Jersey Authors Recast the Hitler Story

A fictionalized account in the new novel "Wolf" sheds a different light on the dictator’s rise to power.

Authors Herbert J. Stern and Alan A. Winter want to set the record straight about Adolf Hitler. Despite all that has been written about history’s most malevolent dictator, Stern and Winter say there are misconceptions about his rise to power.

With their new book, Wolf (due February 11 from Skyhorse Publishing), the authors, both New Jersey residents, provide a fictionalized account of Hitler’s early years, grounded in historical documentation.

“The research that we did was an eye opener,” says Winter. “The history books didn’t quite get the story right…We tried to depict the history more accurately.”

Stern gained substantial knowledge about Hitler while serving as a judge on the postwar U.S. Court for Berlin. (He later served as U.S. District Court judge in New Jersey.)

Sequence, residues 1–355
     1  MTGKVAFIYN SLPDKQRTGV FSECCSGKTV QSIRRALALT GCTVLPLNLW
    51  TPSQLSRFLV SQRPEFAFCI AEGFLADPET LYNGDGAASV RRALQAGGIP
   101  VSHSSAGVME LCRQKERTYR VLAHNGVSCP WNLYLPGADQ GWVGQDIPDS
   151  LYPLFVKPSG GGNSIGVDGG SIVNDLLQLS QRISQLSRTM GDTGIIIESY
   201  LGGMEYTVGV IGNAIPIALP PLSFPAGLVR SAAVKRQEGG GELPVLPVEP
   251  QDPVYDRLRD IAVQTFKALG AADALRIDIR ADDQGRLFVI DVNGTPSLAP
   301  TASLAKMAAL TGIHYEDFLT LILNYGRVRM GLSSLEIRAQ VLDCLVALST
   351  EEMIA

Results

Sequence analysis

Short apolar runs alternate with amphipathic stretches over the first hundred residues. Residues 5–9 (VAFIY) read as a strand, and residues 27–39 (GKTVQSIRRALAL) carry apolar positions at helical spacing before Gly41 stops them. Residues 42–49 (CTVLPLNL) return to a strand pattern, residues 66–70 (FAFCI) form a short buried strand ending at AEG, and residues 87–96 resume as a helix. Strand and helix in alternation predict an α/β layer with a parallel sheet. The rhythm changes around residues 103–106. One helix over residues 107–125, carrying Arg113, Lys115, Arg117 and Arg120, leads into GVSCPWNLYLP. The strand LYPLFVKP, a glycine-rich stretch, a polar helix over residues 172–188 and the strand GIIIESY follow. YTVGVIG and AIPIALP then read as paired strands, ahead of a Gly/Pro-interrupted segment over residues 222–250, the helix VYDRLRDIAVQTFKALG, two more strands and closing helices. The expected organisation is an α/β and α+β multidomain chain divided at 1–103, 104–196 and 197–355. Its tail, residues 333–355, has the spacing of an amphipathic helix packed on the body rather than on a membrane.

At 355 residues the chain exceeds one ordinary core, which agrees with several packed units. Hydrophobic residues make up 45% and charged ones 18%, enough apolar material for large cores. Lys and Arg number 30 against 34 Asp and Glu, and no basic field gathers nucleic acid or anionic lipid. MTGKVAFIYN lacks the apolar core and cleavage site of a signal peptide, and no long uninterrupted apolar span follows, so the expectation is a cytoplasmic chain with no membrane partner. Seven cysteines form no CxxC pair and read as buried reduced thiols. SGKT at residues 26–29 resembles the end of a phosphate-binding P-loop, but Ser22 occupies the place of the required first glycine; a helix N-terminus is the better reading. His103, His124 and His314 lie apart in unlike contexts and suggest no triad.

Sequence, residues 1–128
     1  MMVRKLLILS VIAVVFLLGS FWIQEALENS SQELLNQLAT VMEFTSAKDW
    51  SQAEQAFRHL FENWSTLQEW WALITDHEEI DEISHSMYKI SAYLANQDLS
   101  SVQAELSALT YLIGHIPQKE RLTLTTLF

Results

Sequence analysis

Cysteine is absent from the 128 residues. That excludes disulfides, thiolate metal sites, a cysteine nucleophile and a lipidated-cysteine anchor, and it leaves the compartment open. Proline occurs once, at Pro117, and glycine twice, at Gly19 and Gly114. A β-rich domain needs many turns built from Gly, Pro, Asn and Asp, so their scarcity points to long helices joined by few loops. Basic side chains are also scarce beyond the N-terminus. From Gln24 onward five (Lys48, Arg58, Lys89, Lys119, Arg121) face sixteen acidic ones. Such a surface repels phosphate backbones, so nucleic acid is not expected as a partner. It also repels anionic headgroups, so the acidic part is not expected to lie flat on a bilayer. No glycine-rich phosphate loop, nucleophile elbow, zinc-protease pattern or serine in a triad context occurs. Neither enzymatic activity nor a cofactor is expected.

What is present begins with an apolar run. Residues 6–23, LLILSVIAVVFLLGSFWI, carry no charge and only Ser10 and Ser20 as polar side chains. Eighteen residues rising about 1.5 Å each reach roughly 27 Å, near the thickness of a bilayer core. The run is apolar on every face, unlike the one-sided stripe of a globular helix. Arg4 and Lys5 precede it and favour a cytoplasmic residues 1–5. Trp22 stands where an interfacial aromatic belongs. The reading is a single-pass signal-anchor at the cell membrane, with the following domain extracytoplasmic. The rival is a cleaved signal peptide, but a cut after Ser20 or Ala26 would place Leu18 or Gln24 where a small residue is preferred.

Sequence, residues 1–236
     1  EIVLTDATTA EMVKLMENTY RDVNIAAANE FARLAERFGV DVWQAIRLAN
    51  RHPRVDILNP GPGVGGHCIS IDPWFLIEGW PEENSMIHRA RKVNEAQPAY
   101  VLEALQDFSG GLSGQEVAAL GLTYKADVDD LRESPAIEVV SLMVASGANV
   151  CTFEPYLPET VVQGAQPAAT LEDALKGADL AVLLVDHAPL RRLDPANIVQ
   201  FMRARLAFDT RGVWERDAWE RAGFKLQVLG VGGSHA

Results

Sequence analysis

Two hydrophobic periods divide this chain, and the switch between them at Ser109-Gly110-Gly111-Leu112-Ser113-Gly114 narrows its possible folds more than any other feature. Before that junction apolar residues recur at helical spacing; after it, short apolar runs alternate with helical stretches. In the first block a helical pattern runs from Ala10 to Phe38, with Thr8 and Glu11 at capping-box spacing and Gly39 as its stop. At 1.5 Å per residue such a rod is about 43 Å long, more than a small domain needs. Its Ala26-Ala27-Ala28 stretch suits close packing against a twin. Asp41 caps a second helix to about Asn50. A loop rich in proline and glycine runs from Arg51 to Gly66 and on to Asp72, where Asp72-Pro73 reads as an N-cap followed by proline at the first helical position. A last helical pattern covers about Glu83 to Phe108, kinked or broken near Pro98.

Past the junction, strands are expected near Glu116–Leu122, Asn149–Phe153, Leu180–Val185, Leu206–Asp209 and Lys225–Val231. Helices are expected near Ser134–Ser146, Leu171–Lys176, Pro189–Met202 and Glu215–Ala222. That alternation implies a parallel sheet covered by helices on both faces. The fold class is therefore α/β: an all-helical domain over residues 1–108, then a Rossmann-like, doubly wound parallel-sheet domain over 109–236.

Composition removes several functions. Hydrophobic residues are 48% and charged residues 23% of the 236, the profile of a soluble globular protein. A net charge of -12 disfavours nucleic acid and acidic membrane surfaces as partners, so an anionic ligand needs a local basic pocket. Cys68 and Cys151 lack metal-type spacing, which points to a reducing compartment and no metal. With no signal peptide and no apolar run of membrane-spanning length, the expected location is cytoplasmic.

[RELATED: How a Kid from Hoboken Revolted Against Nazism]

In Wolf, Hitler’s story is told through the eyes of a fictional confidant, Friedrich Richard, who befriends the future dictator while both are recovering from wounds incurred during World War I. Hitler—called Wolf by his friends—is recovering from hysterical blindness; Richard suffers from amnesia. He tags along as Wolf builds his following.

Along the way, the book reveals details of Hitler’s friendships (real and fictional) and his troubling lust for young women. “It tells an accurate story in a human way, through the eyes of people,” says Stern.

As Wolf’s notoriety grows, those around him are faced with a moral dilemma: Should they support this dynamic leader who promises to “make Germany great again,” or turn away because of his anti-Semitism and the mob violence he condones?

Richard embodies this conflict. He is there, says Stern, “to eventually do what many of us fail to do, which is to make the moral choice at the end of the day.”

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